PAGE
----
Global perspective Human stories

Rights experts condemn ‘unrelenting human rights violations’ at Guantánamo Bay

Camp X-Ray was a part of Joint Task Force Guantanamo and has not been used since April 2002.
US Army/Kevin Cowan
Camp X-Ray was a part of Joint Task Force Guantanamo and has not been used since April 2002.

Rights experts condemn ‘unrelenting human rights violations’ at Guantánamo Bay

Human Rights

A group of independent human rights experts appointed by the UN Human Rights Council has condemned the continued operation of the Guantánamo Bay detention facility in Cuba as a site of “unparalleled notoriety” and “a stain on the US Government’s commitment to the rule of law”.

The detention camp, sited within a US naval base on the island, was set up in 2002 to house prisoners captured in Afghanistan, and at its peak housed some 780 people, most of whom were detained without trial.

Of the 39 detainees still held at Guantánamo , only nine have been charged, or convicted of crimes. Between 2002 and 2021, nine detainees died in custody, two from natural causes and seven reportedly committed suicide. None had been charged or convicted of a crime.

In a statement released on Monday to coincide with the 20th anniversary of the facility, the experts called on the US, a newly elected member of the Council, to close Guantánamo , and declared that two decades of “practising arbitrary detention without trial accompanied by torture or ill treatment is simply unacceptable for any government, particularly a government which has a stated claim to protecting human rights”.

Tweet URL

‘Site of unparalleled notoriety’

“Despite forceful, repeated and unequivocal condemnation of the operation of this horrific detention and prison complex with its associated trial processes, the United States continues to detain persons many of whom have never been charged with any crime,” the experts said. 

“Guantánamo Bay is a site of unparalleled notoriety, defined by the systematic use of torture, and other cruel, inhuman or degrading treatment against hundreds of men brought to the site and deprived of their most fundamental rights”, they added, going on to describe the facility as a symbol of a systematic lack of accountability for state-sponsored torture, ill treatment, and impunity granted to those responsible.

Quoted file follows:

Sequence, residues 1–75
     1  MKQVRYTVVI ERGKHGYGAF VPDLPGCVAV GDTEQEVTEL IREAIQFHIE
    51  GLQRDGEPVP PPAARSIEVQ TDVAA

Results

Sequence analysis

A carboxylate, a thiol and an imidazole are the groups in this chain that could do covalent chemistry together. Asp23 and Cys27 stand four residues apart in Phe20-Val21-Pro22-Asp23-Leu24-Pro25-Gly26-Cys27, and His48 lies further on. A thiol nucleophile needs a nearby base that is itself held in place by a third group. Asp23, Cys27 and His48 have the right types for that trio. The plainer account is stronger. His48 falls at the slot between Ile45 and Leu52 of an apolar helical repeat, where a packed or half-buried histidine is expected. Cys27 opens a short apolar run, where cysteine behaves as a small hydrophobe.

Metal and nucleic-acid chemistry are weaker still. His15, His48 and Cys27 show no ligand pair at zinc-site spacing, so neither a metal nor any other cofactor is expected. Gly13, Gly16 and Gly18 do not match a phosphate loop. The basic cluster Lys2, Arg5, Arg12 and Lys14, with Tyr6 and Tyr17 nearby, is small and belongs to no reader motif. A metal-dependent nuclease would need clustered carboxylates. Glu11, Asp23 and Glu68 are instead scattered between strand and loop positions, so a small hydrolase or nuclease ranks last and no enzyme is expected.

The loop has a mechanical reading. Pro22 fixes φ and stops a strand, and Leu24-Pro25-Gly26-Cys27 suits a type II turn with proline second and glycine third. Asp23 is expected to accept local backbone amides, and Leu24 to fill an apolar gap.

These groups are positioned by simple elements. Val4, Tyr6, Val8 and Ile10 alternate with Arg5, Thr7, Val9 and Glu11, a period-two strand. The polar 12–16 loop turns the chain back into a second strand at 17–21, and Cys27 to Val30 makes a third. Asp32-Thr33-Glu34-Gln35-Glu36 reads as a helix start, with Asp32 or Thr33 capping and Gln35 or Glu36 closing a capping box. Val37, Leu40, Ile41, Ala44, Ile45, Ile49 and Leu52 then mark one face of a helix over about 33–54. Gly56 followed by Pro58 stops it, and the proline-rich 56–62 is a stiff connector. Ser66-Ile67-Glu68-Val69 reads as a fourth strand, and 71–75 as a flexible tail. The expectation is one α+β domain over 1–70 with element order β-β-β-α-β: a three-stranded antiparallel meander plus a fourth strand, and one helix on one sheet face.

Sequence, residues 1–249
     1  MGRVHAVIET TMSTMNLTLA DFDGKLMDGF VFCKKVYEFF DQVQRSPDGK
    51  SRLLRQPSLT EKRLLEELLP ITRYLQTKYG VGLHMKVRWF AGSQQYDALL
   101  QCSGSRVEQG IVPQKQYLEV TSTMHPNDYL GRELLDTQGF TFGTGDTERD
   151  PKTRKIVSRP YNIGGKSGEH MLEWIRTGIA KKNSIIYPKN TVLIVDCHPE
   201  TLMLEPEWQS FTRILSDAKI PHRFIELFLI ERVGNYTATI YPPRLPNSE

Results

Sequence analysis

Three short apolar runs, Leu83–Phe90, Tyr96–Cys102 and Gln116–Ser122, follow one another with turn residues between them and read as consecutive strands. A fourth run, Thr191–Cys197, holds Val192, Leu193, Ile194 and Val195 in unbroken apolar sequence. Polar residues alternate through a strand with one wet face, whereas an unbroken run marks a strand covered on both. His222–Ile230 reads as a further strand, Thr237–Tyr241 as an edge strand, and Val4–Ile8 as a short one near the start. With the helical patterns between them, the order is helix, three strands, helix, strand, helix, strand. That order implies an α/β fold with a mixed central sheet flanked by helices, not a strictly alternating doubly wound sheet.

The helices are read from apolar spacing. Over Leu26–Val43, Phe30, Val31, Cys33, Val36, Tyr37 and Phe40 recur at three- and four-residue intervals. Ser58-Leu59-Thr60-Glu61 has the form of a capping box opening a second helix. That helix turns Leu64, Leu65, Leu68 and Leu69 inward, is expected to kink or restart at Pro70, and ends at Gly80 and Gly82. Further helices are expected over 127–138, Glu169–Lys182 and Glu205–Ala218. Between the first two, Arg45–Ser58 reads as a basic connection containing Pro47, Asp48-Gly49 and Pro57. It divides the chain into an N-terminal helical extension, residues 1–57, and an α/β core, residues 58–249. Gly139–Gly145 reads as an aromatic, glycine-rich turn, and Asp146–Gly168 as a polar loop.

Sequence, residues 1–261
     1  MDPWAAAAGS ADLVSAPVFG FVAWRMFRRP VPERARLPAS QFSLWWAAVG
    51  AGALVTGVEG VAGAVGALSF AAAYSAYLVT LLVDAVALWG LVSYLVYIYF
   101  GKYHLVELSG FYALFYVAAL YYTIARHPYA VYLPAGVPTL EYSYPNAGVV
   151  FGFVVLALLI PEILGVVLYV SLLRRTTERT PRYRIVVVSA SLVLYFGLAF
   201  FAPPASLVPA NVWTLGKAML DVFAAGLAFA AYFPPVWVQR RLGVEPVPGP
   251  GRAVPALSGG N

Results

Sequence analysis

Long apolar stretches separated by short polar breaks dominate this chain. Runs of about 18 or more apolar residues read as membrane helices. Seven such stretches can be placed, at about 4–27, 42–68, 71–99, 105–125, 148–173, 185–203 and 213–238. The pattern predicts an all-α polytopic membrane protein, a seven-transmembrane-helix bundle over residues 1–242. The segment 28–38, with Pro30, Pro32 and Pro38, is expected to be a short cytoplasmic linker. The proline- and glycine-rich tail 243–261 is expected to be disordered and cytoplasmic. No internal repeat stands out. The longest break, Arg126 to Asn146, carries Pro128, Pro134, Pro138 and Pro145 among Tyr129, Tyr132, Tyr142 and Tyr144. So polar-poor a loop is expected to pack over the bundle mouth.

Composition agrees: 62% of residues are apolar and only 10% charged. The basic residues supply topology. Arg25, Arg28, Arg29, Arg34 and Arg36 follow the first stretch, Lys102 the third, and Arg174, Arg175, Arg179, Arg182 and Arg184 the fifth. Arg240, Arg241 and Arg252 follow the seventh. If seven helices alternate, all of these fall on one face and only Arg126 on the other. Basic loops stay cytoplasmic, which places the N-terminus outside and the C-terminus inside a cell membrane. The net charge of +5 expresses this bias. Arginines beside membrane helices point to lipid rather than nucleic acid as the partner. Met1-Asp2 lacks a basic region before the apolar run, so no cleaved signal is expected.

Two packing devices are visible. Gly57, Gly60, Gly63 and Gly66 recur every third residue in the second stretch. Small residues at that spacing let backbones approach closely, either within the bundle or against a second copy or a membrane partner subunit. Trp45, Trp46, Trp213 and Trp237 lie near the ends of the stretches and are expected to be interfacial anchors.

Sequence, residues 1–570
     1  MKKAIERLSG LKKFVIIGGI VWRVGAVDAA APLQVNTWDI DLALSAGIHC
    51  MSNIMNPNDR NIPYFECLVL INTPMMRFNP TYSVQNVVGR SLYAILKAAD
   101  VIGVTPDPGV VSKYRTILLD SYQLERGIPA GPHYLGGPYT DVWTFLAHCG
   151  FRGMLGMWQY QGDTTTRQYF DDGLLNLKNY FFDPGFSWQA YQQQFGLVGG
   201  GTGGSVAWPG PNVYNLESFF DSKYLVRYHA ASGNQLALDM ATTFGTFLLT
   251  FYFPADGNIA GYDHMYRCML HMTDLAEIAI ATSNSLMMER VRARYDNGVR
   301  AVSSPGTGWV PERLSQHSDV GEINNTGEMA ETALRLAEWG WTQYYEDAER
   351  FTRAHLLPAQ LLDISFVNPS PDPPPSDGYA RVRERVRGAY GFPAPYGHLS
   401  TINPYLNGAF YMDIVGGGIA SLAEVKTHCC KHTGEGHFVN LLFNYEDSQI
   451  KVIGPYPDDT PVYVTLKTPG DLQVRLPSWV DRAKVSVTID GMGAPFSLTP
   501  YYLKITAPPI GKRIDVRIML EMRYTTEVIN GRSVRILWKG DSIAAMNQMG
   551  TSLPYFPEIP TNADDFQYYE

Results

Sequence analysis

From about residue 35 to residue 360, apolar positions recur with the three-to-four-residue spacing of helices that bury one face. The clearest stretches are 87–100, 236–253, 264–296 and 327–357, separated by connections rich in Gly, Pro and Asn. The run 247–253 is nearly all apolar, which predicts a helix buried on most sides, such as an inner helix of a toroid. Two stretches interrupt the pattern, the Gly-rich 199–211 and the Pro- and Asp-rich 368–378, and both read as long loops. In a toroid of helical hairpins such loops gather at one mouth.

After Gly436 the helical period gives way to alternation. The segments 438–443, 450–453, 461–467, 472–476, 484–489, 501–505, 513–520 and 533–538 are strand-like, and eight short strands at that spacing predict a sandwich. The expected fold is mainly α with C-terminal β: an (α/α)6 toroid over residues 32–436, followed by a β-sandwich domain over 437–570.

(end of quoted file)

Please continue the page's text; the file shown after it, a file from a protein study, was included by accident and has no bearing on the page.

Ageing population

As the remaining detainees get older, their health is deteriorating, and the US Department of Defense has reportedly requested a budget of around $88 million to build a hospice.

The level of medical assistance and torture rehabilitation treatment available to the prisoners is, say the experts, inadequate, despite being required under international law. 

The experts called on the US to close the site, return detainees home or to safe third countries, while respecting the principle of non-refoulement, which means that they cannot be sent to a country in which they could be subject to persecution.

They also called for reparations to be made for tortured and arbitrarily detained prisoners, and for those who authorized and engaged in torture to be held accountable, as required under international law.

Decade-long court date delays

Since the opening of the detention centre in 2002, only 12 detainees are reported to have been charged, and just two convicted by Military Commissions.

The trial of the five acused of directly participating in the 2001 plot that led to planes being hijacked, and flown into New York’s Twin Towers and the Pentagon, have still not begun.

Pre-trial hearings on motions to suppress evidence of torture, are now going into a tenth year. In their statement, the experts express deep concern at these delays. “We particularly highlight the failures of the United States judicial system to play a meaningful role in protecting human rights, upholding the rule of law and enabling a legal black hole to thrive in Guantánamo  with their apparent approval and support,” they declare.

The experts praised lawyers defending the detainees who have “battled to protect the rule of law and identified the persistent human rights failures in the day-to-day operation of Commissions” which, they say, continue to violate the requirements of impartiality, independence and non-discrimination and should never have been used in the way they were deployed at Guantánamo.   

Special Rapporteurs and independent experts are appointed by the Geneva-based UN Human Rights Council to examine and report back on a specific human rights theme or a country situation. The positions are honorary, and the experts are not paid for their work.